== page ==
Kathy Schuh likely never realized how prophetic she was in 1997.
I spoke with Kathy shortly after her daughter, Natasha, 16 at the time, was severely injured after falling through a trapdoor during a musical rehearsal at a Red Wing, Minn., theater and landing about 16 feet below. The spinal cord injury left her paralyzed from the chest down.
“She is a very determined girl,” Kathy said of her daughter 14 years ago. “There’s a lot of fight in her, and that’s what will get her through this. She won’t lay back and let go.”
Tasha, as she is commonly known, has epitomized her mother’s statement. This 31-year-old is an accomplished motivational speaker, is finishing an inspirational book on her life, recently won the Ms. Wheelchair U.S.A. title, and is looking forward to marriage, family and whatever God has in store for her.
The trapdoor she fell through has proven to be an opening that changed her attitude and life “in the best ways possible,” she says.
“I’m amazed at how good my life is. I get to help people, share hope and inspire when sometimes this world seems so hopeless,” she told me in a recent interview. “Who I am today is completely opposite of who I was when I fell through that trapdoor. I guess I could have gotten here without the accident, but I’m not certain of that.”
I have interviewed Tasha several times and written numerous accounts about the impact her accident and that of classmate Sarina Murray had on the Ellsworth community. Murray was seriously injured in a car accident three days before Tasha’s accident. Both women have been courageous in their recovery battles.
“Life is certainly not perfect, which is why my faith is so important,” Tasha says. “Before the accident, I was very self-conscious, had low self-esteem and mediocre goals. I enjoyed life, but yet, deep down, I missed things.
“Now, with my faith, I feel like I’m a whole human being,” she adds. “God is in my life and he’s shown me the way and I’m sharing my story. I’m a confident woman and the sky’s the limit.”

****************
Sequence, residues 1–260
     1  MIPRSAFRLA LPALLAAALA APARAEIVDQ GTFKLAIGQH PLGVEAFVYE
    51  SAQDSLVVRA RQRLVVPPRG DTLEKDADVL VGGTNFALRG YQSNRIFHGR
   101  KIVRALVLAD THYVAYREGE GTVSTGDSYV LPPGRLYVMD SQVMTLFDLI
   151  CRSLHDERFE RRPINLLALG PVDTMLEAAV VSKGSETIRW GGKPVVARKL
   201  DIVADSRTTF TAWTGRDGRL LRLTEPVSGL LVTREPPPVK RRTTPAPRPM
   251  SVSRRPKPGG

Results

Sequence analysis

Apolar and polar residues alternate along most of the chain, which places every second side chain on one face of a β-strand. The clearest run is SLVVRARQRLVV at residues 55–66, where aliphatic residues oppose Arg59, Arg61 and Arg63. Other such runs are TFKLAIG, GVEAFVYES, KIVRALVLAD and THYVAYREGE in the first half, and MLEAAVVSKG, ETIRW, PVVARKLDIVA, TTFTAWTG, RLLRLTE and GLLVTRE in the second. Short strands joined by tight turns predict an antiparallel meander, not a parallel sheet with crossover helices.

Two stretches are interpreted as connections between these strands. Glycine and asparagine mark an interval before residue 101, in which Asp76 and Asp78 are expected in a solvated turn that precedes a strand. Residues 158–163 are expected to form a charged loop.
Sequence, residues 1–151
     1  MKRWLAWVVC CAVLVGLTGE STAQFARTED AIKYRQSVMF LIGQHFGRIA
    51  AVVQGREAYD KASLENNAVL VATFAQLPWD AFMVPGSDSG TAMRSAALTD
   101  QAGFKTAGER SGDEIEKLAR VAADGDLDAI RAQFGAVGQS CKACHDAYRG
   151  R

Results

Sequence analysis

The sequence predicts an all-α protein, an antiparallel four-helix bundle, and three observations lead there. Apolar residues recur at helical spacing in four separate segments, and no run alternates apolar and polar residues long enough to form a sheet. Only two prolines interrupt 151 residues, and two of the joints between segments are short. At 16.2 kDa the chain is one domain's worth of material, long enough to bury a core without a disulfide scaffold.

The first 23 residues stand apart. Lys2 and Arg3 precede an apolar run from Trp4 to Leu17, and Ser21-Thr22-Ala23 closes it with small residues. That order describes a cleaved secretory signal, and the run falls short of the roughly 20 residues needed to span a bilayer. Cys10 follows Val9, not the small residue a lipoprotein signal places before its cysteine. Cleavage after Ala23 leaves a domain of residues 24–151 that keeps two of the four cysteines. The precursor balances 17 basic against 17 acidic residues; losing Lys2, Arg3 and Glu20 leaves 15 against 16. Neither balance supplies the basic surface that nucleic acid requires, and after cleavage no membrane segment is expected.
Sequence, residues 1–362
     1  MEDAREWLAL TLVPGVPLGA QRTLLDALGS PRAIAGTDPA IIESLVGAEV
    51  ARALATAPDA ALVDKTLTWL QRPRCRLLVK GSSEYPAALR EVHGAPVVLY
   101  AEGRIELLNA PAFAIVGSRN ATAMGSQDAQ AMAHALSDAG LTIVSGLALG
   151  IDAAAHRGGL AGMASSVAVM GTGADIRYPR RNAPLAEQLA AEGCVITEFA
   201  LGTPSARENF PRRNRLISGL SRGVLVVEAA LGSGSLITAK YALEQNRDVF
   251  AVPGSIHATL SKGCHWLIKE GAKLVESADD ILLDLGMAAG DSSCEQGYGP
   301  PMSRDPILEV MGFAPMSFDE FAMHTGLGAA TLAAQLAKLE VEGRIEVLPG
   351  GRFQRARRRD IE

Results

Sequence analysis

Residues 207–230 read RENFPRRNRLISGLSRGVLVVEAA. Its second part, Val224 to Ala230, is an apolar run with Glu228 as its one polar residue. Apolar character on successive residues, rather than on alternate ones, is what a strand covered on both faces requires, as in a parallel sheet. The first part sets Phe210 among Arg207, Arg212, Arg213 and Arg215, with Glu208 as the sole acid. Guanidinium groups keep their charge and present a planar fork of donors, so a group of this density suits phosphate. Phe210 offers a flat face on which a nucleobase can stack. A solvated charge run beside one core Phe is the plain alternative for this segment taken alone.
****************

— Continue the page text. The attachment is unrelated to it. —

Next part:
Tasha shares her story via speaking engagements at schools, hospitals, correctional centers and other venues. Her book, “My Last Step Backwards,” is being edited.
She’s been told many times over the years to write a book, to inspire others. She’s been writing it the past two years with the help of Ellsworth High School English teacher Jan Pavloski.
“It’s taken longer than I wanted, but it will be done right and well,” she said.
That seems to be Tasha’s motto – do things as right and well as possible, regardless of the roller-coaster ride called life.
“I just have to do things with the power of a positive attitude,” she said, shortly after telling of a six-week hospital stay in which she missed 15 speaking engagements. “Being positive has made such a difference in my life.”
Tasha has lived about five years in a house outside Ellsworth. She loves spoiling her nieces, cares for her cats and does many chores by herself. She uses caregivers about four hours a day. She’s also dating Doug Michaels, a meteorologist from Eau Claire, whom she met online.
“My life is so good,” she says. “I never thought I’d be able to say that, but I honestly can.”
Tasha’s goals include becoming a nationally recognized motivational speaker.
“I would never wish what I’ve been through on my worst enemy, and yet I am blessed by how well it has gone and all the doors that have opened for me,” she said.
“We have a choice every day when we wake up on how we are going to live,” she adds. “You can’t let things hold you back.”
Every person has a story, and Tasha’s certainly is unique – one that should be inspiring to all of us.
By Chuck Rupnow Leader-Telegram staff
Rupnow can be reached at 715-830-5831, 800-236-7077